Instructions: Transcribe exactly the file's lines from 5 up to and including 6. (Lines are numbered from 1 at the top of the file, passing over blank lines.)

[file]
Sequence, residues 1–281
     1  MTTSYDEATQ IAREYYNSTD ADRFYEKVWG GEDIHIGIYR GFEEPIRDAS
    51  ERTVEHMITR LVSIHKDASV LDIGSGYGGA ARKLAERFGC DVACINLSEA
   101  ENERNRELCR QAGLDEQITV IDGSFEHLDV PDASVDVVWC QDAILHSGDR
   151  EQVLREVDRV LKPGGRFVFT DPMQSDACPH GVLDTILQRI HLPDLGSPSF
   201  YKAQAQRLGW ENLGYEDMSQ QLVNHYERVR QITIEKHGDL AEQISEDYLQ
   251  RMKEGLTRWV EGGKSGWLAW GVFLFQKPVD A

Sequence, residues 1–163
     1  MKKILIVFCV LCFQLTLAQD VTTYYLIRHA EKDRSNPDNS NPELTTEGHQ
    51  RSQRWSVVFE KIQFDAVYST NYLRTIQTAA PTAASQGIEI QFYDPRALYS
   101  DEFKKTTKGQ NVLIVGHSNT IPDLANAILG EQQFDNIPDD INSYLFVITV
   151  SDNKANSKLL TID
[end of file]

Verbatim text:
   151  EQVLREVDRV LKPGGRFVFT DPMQSDACPH GVLDTILQRI HLPDLGSPSF
   201  YKAQAQRLGW ENLGYEDMSQ QLVNHYERVR QITIEKHGDL AEQISEDYLQ